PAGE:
The group does not aspire to conduct propaganda. It seeks to establish no meticulous and hampering orthodoxy, it aligns itself with no particular party. Its object is solely, by facilitating the exchange of views among minds inspired by certain ideals and broad conceptions held in common, to contribute to the preservation and improvement of the free society. (Hayek, cited in Cockett 1994
The influence of Mont Pelerin has been extremely significant. Within a generation their ideas had been adopted by right-wing political movements everywhere and after a further 10–15 years they had also successfully neutralized what was left of parties set up to represent the common interest. On her election in 1979 Margaret Thatcher elevated the head of the IEA to the House of Lords. ‘It was primarily your foundation work’, wrote Thatcher in a letter of thanks, ‘which enabled us to rebuild the philosophy upon which our Party succeeded in the past’ (quoted in Cockett 1994
: 173). The IEA was the first of what would eventually become more than a hundred free market think tanks around the world.
The IEA was set up by Anthony Fisher in 1955. He was a chicken farmer who had gone to the US and discovered battery farming. With the money he made introducing intensive chicken farming to the UK he intended to go into politics. However, after reading The Road to Serfdom
and discovering that Hayek worked at the LSE, he promptly made contact. Hayek inducted Fisher into the Mont Pelerin Society and advised a different course. According to Fisher’s daughter, ‘Hayek said “Don’t go into politics. You have to alter public opinion. It will take a long time. You do it through the intellectuals”’ (BBC 2006
). So Fisher set up the IEA and at a Conservative Party meeting in East Grinstead met Ralph Harris, who would run the new organization. Harris was joined by another economist, Arthur Seldon, and they began the task of countering social democracy. They gained valuable allies a decade later when William Rees Mogg, the newly appointed editor of The Times
, asked Peter Jay, then a civil servant at the Treasury, to become a journalist. Jay was sent to Washington and there he came across the Chicago School of Mont Pelerin economists which included Milton Friedman. Jay was converted and The Times
under Rees Mogg became a key propaganda outlet for market fundamentalism. But before the shift to the right came the events of 1968: the student
uprising in France and the demonstrations against the Vietnam War in Britain. Revolution and change were in the air.
Post-1968 blues and the rise of Thatcher
Even before the wave of protests in 1968, the lobby group Aims of Industry was lamenting that ‘capitalism in Britain has, for many years, been intellectually on the defensive’ (Ivens 1967
: 7). In the aftermath of the student revolt of 1968 and the rise of radicalism in the UK and across the West, the established propaganda organizations of capital – such as the Economic League and Aims of Industry – were joined by other pro-corporate groups. This period was the genesis of the third wave of corporate political activism, and was mirrored in the US at almost exactly the same time. In Britain, the Institute for the Study of Conflict (ISC) was created in 1970 with money from, amongst others, the CIA and big business. Two years later Nigel Lawson, a former editor of The Spectator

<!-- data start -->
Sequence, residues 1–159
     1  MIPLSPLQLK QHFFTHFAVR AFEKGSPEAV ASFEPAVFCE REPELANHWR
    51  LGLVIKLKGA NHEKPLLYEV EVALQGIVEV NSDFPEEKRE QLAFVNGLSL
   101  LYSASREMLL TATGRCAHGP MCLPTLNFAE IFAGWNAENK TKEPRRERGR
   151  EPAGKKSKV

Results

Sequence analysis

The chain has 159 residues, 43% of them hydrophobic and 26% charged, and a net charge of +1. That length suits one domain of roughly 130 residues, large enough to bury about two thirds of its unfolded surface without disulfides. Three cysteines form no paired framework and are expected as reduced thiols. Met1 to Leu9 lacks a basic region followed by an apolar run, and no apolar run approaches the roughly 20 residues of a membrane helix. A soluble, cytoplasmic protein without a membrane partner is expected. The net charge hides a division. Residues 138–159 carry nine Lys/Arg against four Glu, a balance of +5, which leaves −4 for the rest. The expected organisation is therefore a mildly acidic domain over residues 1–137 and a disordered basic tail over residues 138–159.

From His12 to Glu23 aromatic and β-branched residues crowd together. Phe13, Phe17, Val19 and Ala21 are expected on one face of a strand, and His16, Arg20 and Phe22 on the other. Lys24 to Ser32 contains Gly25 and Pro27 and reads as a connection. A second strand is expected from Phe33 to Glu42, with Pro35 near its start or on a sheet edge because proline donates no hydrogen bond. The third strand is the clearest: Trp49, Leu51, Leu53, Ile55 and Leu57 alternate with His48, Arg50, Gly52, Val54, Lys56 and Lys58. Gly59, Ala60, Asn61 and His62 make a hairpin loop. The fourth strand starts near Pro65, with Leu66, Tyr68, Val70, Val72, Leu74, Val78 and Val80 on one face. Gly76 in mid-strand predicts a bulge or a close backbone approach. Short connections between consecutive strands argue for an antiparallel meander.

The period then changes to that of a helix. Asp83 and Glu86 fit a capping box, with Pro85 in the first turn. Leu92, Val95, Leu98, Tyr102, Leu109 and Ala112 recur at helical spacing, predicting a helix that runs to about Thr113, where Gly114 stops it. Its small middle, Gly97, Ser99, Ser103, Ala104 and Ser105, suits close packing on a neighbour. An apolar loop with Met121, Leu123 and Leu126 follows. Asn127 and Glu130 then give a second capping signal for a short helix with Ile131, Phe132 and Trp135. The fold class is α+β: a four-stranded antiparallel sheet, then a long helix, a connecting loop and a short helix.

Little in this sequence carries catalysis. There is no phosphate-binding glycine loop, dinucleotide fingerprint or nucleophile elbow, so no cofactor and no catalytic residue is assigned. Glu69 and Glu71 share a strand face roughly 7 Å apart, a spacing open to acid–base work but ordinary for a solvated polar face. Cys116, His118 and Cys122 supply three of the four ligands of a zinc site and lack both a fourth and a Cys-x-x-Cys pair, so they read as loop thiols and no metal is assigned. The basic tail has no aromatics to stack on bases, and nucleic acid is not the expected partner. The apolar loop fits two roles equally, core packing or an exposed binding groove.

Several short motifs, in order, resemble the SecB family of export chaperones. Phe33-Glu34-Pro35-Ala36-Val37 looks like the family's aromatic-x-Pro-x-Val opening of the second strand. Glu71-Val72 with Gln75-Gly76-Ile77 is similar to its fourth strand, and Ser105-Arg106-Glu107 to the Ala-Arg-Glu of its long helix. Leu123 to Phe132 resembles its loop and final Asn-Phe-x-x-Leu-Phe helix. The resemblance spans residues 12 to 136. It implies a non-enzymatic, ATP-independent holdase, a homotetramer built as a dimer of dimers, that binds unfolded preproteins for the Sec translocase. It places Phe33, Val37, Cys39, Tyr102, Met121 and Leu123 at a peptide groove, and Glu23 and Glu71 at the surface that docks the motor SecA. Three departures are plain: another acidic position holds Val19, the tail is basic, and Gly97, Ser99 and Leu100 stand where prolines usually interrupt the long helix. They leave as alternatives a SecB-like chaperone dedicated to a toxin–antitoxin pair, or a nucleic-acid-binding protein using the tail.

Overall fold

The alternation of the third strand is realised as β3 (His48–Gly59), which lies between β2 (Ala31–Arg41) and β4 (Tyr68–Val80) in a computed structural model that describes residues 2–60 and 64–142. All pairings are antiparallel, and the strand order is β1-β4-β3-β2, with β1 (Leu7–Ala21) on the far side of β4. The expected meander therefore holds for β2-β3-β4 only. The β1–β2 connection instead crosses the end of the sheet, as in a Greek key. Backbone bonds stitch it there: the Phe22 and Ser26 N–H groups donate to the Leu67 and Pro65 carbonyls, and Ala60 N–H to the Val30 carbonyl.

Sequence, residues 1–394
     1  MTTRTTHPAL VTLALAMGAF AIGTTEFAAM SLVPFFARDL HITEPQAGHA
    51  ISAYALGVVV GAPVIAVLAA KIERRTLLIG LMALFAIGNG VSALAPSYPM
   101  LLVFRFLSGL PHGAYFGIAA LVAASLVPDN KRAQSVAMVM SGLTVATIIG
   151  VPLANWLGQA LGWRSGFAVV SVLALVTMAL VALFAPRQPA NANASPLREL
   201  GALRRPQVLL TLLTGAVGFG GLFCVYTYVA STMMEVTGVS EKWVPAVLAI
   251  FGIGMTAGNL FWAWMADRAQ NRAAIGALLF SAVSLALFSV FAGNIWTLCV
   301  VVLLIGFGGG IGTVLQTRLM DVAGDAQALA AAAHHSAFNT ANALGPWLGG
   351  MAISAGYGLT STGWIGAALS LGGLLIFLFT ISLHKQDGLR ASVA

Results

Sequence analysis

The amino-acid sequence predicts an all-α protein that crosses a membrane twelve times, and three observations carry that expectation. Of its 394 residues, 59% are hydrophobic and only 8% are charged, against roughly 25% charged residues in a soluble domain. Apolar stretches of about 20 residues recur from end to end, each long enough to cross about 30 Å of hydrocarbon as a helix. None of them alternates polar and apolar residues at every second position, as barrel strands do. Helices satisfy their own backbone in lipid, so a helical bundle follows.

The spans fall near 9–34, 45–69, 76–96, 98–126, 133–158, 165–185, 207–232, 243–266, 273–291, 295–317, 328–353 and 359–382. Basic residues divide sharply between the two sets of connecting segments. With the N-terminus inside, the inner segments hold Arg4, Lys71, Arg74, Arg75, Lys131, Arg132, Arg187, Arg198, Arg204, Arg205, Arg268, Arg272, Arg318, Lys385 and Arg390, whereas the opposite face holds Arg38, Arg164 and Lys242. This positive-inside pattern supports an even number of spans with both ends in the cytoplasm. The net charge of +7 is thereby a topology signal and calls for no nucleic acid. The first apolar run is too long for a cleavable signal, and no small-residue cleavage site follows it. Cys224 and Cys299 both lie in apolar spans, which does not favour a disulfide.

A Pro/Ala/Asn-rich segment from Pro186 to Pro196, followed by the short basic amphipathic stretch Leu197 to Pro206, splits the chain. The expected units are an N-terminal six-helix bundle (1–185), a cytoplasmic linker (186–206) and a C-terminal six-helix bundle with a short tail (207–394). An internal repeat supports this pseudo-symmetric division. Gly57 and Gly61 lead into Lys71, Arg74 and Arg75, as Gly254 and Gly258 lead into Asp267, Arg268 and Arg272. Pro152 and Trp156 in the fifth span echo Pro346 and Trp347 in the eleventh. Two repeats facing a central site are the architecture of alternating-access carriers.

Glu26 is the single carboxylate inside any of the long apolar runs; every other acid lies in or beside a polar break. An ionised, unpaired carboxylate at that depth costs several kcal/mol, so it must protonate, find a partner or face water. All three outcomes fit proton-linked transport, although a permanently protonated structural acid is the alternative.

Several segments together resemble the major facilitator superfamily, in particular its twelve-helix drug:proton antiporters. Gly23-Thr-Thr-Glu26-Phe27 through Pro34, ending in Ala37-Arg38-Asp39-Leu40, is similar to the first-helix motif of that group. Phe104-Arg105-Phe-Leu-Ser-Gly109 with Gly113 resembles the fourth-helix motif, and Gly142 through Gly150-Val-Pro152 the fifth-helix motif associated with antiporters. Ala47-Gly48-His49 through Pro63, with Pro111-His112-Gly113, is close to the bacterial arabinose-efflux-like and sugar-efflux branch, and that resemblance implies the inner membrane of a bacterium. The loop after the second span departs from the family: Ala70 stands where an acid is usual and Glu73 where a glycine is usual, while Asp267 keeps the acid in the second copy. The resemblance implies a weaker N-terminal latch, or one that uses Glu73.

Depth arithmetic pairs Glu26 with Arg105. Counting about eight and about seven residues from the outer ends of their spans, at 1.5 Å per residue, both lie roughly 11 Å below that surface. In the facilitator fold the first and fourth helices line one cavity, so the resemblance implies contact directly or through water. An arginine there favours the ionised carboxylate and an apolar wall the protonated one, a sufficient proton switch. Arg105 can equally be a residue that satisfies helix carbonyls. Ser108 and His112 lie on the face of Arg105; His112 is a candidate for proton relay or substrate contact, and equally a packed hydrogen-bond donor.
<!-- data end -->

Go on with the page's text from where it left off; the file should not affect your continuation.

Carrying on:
who would later become Chancellor of the Exchequer under Thatcher, penned a pamphlet focused on ‘Subversion in British Industry’. Lawson had been approached to write the pamphlet by Brian Crozier, the director of the Intelligence-supported ISC, who had been impressed by a Lawson piece in The Times
which in Crozier’s view ‘showed he understood the situation’ (Crozier 1993
: 106). They printed only 30 copies of the pamphlet as ‘the report was not for the wider public: the target audience was industry itself ‘(ibid
.). Previously, and with help from the Economic League and Aims of Industry, Crozier had managed to convert John Whitehorn of the CBI to the neoliberal cause. Whitehorn penned a memo appealing for more business support for the ISC and its collaborators, which also included extreme anti-democratic organizations like Common Cause Ltd and Industrial Research and Information Services Ltd (Ramsay 1996
During 1971 the President and Director General of the CBI had talks with a number of heads of companies who are worried about subversive influences in British Industry … they have also been in touch with a number of organizations which seek in their different ways to improve matters…. Their objectives and methods naturally vary; and we see no strong case to streamline them or bring them together more closely than is done by their present loose links and mutual cooperation. (Quoted in Lashmar and Oliver 1998
Appealing for the necessary funding from business, the memo noted that the ISC
plans to take an increasing interest...